Sunday, 29 March 2009

Recommended reading

Not a comprehensive list, just a few titles off the top of my head...

The Sandman: Dream Country

Includes the first part of Gaiman's take on Shakespeare's creative bargain with Morpheus in "A Midsummer Night's Dream", which won the World Fantasy Award for best short story and quite right too. The stories are all standalones: "Calliope", "A Dream of a Thousand Cats" and "Facade". Also has the annotated script for "Calliope" - I'm always interested in that kind of thing.

Nine great stories. A man terrified by his nightmares of falling. Haroun al-Rashid selling the dream of Baghdad to preserve its beauty. The start of Gaiman's great heart-rending saga of Orpheus. And then there's old Baba Yaga in her chicken legged hut. We're going to have to get her into Mirabilis at some stage.

Kingdom of the Wicked

By the brilliantly talented (so obviously we hate them) British author-artist team Ian Edginton and Matt Brooker, aka D'Israeli . The story has some similarities to the Sandman classic "A Game of You" but not in any sense a rip-off. They're both interesting and very different explorations of a theme (like The Matrix and Dark City, say) worth reading as companion pieces.

Tiny Tom Fish-Head and Wavy Davy Dali from Kingdom of the Wicked.

Summer Blonde

The far end of the comics spectrum from something like Watchmen. Adrian Tomine's stories of urban alienation often don't really quite go anywhere - but in the most intriguing way.


Another superb, disturbing, elusive graphic novel by Adrian Tomine. But don't take my word for it.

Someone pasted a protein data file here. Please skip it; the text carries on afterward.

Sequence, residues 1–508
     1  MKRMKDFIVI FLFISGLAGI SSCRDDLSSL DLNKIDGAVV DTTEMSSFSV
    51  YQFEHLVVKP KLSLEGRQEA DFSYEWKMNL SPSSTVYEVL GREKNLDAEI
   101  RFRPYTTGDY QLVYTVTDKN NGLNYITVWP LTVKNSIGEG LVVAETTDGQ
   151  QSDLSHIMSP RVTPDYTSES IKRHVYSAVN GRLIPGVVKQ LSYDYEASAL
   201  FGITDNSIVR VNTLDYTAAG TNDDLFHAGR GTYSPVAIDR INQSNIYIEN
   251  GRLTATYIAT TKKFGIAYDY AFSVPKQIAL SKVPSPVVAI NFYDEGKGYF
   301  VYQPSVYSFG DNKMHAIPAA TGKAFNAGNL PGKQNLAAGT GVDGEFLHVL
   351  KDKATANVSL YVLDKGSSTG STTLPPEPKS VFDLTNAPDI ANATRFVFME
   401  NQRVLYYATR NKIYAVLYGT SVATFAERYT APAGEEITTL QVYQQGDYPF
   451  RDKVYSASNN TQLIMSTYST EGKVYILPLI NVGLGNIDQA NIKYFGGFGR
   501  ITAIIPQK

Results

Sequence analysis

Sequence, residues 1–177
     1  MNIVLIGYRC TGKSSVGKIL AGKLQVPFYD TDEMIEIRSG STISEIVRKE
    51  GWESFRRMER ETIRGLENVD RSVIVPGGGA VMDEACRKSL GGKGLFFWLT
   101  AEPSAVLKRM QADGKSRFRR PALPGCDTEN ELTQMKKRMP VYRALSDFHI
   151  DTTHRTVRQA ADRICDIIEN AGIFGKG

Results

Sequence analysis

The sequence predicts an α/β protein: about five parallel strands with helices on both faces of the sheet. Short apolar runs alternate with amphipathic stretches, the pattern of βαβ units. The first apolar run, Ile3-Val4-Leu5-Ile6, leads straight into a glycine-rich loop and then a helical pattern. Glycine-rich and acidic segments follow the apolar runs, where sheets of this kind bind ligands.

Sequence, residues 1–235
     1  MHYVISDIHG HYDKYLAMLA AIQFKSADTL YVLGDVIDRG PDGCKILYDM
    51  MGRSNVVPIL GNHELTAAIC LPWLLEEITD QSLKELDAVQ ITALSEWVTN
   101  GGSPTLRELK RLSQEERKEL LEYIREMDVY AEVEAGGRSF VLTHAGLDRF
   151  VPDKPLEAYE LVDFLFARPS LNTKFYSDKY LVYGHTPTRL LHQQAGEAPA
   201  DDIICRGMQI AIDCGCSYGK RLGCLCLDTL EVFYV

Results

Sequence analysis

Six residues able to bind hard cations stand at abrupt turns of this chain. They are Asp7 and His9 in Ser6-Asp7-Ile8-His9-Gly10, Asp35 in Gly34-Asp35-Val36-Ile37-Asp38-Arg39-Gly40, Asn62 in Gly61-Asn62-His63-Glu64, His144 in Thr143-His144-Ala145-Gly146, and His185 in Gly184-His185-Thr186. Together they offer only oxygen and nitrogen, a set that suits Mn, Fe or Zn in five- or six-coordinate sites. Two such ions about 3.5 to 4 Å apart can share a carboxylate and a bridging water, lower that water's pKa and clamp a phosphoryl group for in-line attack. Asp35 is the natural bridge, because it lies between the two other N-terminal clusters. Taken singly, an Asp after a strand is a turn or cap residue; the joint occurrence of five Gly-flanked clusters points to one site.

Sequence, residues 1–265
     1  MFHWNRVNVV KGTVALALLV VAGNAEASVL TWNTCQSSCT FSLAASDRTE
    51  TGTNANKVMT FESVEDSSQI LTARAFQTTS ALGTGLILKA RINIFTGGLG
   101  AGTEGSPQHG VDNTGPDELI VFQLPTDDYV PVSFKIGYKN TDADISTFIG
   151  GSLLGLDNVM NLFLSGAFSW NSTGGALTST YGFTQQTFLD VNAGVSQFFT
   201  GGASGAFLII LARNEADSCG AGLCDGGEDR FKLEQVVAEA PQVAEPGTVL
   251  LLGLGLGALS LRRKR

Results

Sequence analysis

Jonathan Lethem: 'Shortcomings is as deceptively simple and perfect as a comic book gets.'

Nick Hornby: 'Reading a comic book suddenly becomes as rewarding as reading good contemporary fiction. Tomine has both talent and a writer's eye for the truth.'

Ghost World

So you've seen the movie and, good though it is, the graphic novel is much better. Daniel Clowes describes it as the examination of "the lives of two recent high school graduates from the advantaged perch of a constant and (mostly) undetectable eavesdropper, with the shaky detachment of a scientist who has grown fond of the prize microbes in his petri dish". So there you go. If Adrain Tomine is disquieting, Daniel Clowes's stuff is like being trapped in an elevator with a raving madman. In a good way, I mean.

The Golem's Mighty Swing

Golems, baseball, racial intolerance, the Great Depression and the American Dream. But it's not just the great comination of themes or the way James Sturm tells the story, it's the marvellously simple drawings that pack such movement and flow.

The Death of Speedy
One of the best Love & Rockets stories - which makes it almost the best you're ever going to read in comics.

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